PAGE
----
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Employer gag bill returns in Oregon Senate

June 2, 2009

Senate Democrats to Bring Back the Likely Unconstitutional “Employer Gag Bill”
By J.L. Wilson
Associated Oregon Industries
Oregon’s largest business lobby

SB 519 will again be brought to the Senate Floor for a vote.  Right on the heels of twisting enough arms to pass a massive extension on product liability lawsuits, Senate leadership now appears to have secured the votes to pass SB 519, the unconstitutional “Employer Gag Bill.”  Just three weeks ago, a massive employer outcry scuttled leadership’s plans to bring the bill to a vote on the Senate Floor.  Instead, the bill was sent to the Senate Rules Committee, giving Senate leaders enough time to apply pressure on Senators who did not want to saddle employers with unconstitutional restrictions.

SB 519 restricts the ability of employers to talk to their employees about political matters, including unionization of the workplace.  The bill effectively prohibits employers from requiring attendance at employer-paid meetings to discuss these issues even though the meetings are protected under federal law.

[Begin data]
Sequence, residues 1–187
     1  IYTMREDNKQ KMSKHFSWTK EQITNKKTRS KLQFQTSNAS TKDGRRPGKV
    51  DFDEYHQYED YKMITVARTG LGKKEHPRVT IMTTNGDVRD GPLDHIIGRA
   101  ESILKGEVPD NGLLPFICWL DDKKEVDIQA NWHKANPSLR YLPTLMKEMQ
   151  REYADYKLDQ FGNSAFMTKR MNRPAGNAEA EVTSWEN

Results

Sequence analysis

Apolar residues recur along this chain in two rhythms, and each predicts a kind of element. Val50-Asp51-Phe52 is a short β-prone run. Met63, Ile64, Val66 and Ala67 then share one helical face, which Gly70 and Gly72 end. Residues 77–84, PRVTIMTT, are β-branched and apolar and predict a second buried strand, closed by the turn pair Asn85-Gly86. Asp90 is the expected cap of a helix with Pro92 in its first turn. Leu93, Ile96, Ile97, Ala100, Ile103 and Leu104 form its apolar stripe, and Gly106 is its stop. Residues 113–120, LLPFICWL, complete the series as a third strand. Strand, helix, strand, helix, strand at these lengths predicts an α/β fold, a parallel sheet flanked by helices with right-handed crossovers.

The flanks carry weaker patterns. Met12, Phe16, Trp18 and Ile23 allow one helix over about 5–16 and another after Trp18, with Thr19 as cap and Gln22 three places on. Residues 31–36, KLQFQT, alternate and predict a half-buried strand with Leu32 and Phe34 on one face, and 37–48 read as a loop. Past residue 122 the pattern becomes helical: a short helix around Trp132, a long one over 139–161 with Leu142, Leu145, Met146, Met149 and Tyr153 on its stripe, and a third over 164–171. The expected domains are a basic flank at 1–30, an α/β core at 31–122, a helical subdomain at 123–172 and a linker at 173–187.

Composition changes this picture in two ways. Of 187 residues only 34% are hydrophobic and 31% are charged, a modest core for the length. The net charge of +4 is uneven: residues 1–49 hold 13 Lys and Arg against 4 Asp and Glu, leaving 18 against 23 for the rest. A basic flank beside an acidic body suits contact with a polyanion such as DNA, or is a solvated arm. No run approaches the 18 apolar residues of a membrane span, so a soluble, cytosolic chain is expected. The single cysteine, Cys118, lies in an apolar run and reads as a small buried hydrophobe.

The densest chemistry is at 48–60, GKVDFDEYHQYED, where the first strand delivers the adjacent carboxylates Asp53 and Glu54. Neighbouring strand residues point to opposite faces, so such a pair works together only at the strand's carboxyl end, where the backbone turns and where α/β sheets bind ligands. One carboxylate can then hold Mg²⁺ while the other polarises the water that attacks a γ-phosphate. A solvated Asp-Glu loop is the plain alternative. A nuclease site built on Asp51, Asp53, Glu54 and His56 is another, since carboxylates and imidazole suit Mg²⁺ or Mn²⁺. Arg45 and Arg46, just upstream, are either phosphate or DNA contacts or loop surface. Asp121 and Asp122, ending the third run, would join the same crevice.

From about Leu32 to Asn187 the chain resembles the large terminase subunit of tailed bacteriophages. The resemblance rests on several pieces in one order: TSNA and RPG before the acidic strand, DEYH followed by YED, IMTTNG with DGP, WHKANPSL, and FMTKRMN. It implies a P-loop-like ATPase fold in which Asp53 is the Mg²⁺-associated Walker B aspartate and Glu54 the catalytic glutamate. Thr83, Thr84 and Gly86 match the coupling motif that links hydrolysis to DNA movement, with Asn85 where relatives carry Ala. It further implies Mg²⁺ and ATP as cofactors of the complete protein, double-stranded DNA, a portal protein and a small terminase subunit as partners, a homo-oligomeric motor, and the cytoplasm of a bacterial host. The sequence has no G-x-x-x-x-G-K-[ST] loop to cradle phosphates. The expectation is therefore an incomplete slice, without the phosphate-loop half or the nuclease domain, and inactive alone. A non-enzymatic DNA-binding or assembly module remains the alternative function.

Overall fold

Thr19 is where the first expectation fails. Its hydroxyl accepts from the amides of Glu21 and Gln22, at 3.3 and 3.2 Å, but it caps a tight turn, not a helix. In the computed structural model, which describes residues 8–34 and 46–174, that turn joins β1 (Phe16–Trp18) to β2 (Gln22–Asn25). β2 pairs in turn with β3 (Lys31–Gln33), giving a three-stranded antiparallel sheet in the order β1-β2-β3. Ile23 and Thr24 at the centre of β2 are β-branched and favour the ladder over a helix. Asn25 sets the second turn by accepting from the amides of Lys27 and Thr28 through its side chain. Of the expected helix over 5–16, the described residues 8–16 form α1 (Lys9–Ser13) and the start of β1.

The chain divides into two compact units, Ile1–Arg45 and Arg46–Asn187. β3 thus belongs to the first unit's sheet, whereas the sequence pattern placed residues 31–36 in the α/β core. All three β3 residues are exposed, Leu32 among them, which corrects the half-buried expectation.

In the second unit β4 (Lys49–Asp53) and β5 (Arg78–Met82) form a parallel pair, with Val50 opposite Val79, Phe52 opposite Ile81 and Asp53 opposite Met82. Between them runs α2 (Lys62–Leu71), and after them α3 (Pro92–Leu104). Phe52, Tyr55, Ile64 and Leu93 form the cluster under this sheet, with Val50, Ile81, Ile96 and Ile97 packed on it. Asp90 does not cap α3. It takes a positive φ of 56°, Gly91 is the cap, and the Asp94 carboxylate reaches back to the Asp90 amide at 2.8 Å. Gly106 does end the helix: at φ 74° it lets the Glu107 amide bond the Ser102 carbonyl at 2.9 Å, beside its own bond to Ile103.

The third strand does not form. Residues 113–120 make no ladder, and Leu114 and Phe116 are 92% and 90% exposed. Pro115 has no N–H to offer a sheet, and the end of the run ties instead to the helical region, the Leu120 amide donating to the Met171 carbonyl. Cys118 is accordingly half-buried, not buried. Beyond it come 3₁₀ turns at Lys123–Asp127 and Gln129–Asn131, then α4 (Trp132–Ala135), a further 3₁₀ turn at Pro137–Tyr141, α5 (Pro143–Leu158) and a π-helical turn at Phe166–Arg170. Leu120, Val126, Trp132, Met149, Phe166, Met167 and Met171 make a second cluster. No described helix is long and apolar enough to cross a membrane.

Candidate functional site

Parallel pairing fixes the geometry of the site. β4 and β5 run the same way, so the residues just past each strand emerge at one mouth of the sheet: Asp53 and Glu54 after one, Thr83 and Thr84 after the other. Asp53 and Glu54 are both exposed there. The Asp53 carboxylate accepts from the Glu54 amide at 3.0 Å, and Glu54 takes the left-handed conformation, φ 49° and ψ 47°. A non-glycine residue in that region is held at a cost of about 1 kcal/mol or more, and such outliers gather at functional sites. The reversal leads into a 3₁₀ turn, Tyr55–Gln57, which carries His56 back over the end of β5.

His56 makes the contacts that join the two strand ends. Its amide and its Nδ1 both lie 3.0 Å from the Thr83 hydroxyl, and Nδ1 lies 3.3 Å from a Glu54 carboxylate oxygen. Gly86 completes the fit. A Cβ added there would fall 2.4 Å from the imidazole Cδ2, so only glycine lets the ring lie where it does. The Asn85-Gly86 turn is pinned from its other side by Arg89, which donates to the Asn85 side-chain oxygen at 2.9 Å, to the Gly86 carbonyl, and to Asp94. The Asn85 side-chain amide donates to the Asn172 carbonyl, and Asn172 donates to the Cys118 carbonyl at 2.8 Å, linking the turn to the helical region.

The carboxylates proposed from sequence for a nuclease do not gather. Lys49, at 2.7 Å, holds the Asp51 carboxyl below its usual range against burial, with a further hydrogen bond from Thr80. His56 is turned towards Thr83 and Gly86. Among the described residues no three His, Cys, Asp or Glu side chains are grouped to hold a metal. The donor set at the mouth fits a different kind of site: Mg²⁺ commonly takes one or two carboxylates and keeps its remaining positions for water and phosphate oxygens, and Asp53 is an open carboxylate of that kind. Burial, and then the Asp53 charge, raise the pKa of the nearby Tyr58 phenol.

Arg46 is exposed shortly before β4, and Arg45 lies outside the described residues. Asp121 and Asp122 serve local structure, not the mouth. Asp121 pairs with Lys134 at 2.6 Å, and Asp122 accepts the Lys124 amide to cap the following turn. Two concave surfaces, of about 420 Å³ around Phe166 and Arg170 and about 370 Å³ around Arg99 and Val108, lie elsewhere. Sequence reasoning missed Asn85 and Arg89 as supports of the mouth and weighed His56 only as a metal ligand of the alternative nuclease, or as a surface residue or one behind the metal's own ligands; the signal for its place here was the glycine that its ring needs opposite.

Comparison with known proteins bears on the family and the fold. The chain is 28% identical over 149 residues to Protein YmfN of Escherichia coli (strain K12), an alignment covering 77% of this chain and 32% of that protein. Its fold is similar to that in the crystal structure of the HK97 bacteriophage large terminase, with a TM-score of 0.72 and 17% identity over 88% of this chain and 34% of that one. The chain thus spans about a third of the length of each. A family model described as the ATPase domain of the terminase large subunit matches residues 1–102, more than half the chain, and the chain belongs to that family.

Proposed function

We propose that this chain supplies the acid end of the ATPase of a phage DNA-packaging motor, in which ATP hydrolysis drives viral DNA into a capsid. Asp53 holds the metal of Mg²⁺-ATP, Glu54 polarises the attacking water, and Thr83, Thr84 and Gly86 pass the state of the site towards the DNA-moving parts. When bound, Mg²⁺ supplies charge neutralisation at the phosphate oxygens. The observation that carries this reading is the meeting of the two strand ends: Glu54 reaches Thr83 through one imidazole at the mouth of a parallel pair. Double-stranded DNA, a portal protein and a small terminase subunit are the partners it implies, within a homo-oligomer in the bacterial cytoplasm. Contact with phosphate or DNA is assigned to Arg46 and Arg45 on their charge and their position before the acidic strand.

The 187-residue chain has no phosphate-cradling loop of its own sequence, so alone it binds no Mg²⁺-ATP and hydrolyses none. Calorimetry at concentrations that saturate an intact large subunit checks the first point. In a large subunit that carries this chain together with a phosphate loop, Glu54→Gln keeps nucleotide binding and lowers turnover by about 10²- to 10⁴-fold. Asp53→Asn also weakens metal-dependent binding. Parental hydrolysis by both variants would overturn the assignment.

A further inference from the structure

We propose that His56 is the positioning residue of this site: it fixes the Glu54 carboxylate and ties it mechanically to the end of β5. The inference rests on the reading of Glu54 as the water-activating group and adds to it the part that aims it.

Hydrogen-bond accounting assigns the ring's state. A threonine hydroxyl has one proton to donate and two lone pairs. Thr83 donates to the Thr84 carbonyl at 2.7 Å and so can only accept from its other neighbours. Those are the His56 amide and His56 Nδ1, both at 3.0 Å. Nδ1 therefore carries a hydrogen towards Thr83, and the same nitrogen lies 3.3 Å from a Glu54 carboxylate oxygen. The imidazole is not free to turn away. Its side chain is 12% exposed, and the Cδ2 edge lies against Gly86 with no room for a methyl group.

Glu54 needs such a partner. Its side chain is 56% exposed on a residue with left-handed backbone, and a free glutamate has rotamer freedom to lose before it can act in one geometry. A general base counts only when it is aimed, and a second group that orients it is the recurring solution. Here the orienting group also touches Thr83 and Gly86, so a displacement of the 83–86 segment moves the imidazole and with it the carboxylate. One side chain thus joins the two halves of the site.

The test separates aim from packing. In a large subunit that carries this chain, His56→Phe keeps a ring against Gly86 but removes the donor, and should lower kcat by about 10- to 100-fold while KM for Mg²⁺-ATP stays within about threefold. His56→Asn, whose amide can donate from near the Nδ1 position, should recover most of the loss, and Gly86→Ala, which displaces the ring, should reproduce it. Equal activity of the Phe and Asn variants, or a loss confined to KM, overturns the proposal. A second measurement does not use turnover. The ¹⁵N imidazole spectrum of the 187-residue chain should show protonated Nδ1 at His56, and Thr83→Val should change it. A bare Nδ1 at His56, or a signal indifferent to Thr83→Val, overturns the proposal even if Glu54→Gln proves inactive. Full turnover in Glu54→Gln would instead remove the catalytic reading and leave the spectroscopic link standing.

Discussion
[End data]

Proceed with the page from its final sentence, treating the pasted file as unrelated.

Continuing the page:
AOI and other business groups have argued that SB 519 is an unconstitutional intrusion on federal labor law.  But even more compelling, AOI and others make the case that SB 519 is unconstitutional under Oregon’s constitution because it regulates employer free speech rights (see AOI’s legal analysis here).  AOI also believes it is wrong to make employees who refuse to attend employer-held meetings a new protected class of workers.  Under SB 519, these workers, who may be laid off due to market conditions, would have the ability to sue their employers claiming retribution for not attending a workplace meeting.  (You can read AOI’s arguments against SB 519 here.)

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By J.L. Wilson
Associated Oregon Industries
Oregon’s largest business lobby

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Discuss this article

LaRayne June 2, 2009

Let’s pray that this proposed bill, once again, gets enough public out cry that it doesn’t pass. It concerns me when the government has it’s tentacles in so much of our lives.

tripper June 2, 2009

These are sensitive matters, and a law is not always the best fit.

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